GAINESVILLE, Fla. (AP) -- Wearing handcuffs and leg shackles, sports agent Tank Black began the process of trying to prove himself innocent of cheating NFL players out of millions of dollars.
The U.S. government and Black's attorneys made their first public presentations Monday in the criminal fraud and money laundering case.
In a 20-page indictment unsealed by U.S. Magistrate Gary R. Jones, the government accuses Black and four employees of defrauding several former NFL clients, including former Florida stars Fred Taylor, Ike Hilliard, Reidel Anthony and Jacquez Green.
The accusations nearly duplicate those levied against Black by the Securities and Exchange Commission in a civil case filed last week. The SEC accused Black of defrauding athletes of $5 million in a period of four years.
The criminal case carries a sentence of up to 25 years in jail.
Assistant U.S. Attorney Jerry Sanford asked that Black be held without bond pending his arraignment next Monday, saying the agent was a risk to flee the country.
Sanford claimed Black took an April 1998 trip to Jamaica with two fugitive drug dealers from Detroit. The prosecutor claims Black took another trip to Rio De Janeiro two months earlier with two purported drug dealers to buy property in Brazil.
''If Mr. Black has a history of assisting fugitives between countries, we have a strong belief he would be a risk to flee himself,'' Sanford told Jones.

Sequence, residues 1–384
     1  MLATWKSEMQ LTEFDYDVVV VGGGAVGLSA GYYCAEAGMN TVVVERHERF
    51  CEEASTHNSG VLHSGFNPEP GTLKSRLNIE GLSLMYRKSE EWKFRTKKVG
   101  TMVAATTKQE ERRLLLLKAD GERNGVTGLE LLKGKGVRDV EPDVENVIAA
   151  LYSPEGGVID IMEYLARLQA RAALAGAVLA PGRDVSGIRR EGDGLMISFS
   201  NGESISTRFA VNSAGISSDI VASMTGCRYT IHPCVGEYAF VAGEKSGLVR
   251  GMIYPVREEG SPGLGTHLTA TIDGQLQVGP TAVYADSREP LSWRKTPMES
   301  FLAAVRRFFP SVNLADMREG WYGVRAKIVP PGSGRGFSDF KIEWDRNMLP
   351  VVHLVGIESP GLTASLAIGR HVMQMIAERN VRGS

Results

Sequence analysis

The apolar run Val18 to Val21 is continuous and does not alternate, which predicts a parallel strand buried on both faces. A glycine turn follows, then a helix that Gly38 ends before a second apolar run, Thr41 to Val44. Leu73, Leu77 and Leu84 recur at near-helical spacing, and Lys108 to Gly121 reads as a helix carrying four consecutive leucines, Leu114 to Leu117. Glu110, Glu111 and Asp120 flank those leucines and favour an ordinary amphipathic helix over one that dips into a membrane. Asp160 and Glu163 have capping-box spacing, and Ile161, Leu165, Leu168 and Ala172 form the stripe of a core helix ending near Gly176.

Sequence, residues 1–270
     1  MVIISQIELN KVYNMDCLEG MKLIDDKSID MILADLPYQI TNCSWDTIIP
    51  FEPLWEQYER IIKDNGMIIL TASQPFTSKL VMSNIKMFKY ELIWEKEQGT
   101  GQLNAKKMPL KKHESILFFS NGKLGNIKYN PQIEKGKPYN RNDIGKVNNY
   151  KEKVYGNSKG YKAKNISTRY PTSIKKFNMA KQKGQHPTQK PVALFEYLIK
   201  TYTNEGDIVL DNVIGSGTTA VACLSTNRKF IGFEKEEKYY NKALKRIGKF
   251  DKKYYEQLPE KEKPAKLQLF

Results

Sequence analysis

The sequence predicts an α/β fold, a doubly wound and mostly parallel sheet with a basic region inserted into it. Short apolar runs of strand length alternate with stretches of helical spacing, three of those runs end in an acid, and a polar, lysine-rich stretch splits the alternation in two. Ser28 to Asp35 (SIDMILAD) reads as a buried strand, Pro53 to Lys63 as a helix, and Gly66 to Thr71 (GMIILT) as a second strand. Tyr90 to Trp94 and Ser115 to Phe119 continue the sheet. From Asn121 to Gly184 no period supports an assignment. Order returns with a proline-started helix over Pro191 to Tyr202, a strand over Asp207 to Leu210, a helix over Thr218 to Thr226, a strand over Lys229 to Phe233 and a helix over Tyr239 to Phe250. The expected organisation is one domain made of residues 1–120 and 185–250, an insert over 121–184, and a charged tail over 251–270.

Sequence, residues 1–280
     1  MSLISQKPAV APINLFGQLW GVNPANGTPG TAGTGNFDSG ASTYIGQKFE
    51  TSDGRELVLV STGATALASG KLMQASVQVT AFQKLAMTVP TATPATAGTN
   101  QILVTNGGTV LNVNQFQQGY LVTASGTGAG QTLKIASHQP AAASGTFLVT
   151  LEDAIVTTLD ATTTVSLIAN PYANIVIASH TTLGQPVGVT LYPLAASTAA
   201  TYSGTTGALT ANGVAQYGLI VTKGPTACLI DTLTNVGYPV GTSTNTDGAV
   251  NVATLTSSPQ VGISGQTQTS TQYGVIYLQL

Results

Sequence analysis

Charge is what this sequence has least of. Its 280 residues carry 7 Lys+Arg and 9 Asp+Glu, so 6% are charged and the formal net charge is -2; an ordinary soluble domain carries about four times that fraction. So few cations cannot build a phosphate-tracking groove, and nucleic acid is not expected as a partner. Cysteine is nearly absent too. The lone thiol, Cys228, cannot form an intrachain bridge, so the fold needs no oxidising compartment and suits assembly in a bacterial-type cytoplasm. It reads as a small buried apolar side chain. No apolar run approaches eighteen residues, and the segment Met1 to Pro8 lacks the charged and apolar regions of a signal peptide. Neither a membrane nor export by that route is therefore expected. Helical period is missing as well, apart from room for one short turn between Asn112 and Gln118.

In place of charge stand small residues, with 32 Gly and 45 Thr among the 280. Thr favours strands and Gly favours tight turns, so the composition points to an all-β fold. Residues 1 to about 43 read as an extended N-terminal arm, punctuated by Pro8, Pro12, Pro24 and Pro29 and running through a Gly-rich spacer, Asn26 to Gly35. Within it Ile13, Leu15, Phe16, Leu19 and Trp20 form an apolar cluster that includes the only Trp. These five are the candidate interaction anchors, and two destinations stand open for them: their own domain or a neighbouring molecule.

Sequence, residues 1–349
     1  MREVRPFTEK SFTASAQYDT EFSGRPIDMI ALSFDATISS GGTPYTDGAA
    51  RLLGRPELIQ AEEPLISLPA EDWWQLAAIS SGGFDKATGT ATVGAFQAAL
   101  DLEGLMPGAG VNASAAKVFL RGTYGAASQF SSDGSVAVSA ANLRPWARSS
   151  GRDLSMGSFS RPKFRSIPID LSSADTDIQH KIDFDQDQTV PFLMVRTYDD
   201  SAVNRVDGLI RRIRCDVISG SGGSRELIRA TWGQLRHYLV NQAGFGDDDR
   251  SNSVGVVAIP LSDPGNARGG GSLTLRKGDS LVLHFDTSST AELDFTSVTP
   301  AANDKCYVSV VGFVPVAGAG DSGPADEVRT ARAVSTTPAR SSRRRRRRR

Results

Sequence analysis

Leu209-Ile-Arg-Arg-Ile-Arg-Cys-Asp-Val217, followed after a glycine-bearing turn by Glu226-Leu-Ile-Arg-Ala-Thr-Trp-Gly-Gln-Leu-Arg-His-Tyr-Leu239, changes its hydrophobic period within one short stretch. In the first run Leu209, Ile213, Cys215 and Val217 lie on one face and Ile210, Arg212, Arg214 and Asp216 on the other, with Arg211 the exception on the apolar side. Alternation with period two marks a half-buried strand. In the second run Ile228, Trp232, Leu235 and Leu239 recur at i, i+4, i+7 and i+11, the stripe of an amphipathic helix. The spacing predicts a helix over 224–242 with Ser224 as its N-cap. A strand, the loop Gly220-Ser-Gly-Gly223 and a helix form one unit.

Jones ordered a detention hearing Thursday and released Black in the custody of his attorney, Peter George of Tampa.
Both Sanford and George refused comment to reporters.
Normally outspoken in his own defense, Black stood stoically for the 90-minute hearing, speaking only to his lawyers. He left the courtroom without comment. His only show of emotion came when Sanford asked for the detention hearing.
Among those attending the preliminary hearing were Black's wife, his pastor and the stepfather of NBA star Vince Carter, who last week said he still supported the embattled agent.
Black gained control of money paid to the players by their NFL teams, funneled it into accounts and then used it for his own benefit, the indictment said.
Last month, Taylor accused Black of cheating him of nearly $3 million.
The indictment lists two payments -- one of $2.4 million, another of $650,000 -- from Taylor's account at Black's agency to accounts in the Cayman Islands that the government contends were used to launder the money.
Taylor was one of more than a dozen clients who invested a total of $12.5 million and $14 million, Sanford said.
Black, with the help of runner Alfred Twitty, recruited the players to his agency by offering them money before their college eligibility was complete, the indictment said.
Also indicted were Black's attorney, Jim Franklin; Twitty and employees Linda Wilson and Lisa Adams.
Adams also appeared Monday and pleaded innocent.
Florida authorities have filed a sworn complaint against Black, accusing him of unlicensed agent activity in the state.
Among those in the gallery Monday was state prosecutor Bill Cervone, who has been delaying action on the state case to see what federal prosecutors do.
''This puts our case on hold for a while,'' Cervone said.
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